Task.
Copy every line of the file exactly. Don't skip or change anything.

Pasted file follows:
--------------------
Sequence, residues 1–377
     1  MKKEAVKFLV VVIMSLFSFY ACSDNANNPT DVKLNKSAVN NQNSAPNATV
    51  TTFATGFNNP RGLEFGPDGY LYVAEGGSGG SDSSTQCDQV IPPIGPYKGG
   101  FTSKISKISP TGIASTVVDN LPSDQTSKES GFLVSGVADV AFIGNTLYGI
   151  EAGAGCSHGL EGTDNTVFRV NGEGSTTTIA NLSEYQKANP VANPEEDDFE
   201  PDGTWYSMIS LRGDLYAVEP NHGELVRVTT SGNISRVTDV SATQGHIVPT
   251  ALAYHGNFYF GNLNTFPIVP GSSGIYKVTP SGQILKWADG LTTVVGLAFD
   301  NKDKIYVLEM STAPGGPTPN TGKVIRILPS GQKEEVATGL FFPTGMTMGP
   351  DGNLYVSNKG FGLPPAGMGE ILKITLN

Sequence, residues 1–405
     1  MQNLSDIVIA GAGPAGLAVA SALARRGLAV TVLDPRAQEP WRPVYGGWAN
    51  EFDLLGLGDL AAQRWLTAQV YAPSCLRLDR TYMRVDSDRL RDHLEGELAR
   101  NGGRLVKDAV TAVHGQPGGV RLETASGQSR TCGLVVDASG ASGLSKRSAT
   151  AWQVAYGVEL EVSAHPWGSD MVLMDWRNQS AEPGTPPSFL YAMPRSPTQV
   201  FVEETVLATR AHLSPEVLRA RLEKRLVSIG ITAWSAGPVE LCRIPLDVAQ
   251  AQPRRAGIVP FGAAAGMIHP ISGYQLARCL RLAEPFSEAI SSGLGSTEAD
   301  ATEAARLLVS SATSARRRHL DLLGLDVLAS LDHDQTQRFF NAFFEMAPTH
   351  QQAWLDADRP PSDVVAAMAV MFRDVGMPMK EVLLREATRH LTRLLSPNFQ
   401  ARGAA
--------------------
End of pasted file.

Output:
Sequence, residues 1–377
     1  MKKEAVKFLV VVIMSLFSFY ACSDNANNPT DVKLNKSAVN NQNSAPNATV
    51  TTFATGFNNP RGLEFGPDGY LYVAEGGSGG SDSSTQCDQV IPPIGPYKGG
   101  FTSKISKISP TGIASTVVDN LPSDQTSKES GFLVSGVADV AFIGNTLYGI
   151  EAGAGCSHGL EGTDNTVFRV NGEGSTTTIA NLSEYQKANP VANPEEDDFE
   201  PDGTWYSMIS LRGDLYAVEP NHGELVRVTT SGNISRVTDV SATQGHIVPT
   251  ALAYHGNFYF GNLNTFPIVP GSSGIYKVTP SGQILKWADG LTTVVGLAFD
   301  NKDKIYVLEM STAPGGPTPN TGKVIRILPS GQKEEVATGL FFPTGMTMGP
   351  DGNLYVSNKG FGLPPAGMGE ILKITLN

Sequence, residues 1–405
     1  MQNLSDIVIA GAGPAGLAVA SALARRGLAV TVLDPRAQEP WRPVYGGWAN
    51  EFDLLGLGDL AAQRWLTAQV YAPSCLRLDR TYMRVDSDRL RDHLEGELAR
   101  NGGRLVKDAV TAVHGQPGGV RLETASGQSR TCGLVVDASG ASGLSKRSAT
   151  AWQVAYGVEL EVSAHPWGSD MVLMDWRNQS AEPGTPPSFL YAMPRSPTQV
   201  FVEETVLATR AHLSPEVLRA RLEKRLVSIG ITAWSAGPVE LCRIPLDVAQ
   251  AQPRRAGIVP FGAAAGMIHP ISGYQLARCL RLAEPFSEAI SSGLGSTEAD
   301  ATEAARLLVS SATSARRRHL DLLGLDVLAS LDHDQTQRFF NAFFEMAPTH
   351  QQAWLDADRP PSDVVAAMAV MFRDVGMPMK EVLLREATRH LTRLLSPNFQ
   401  ARGAA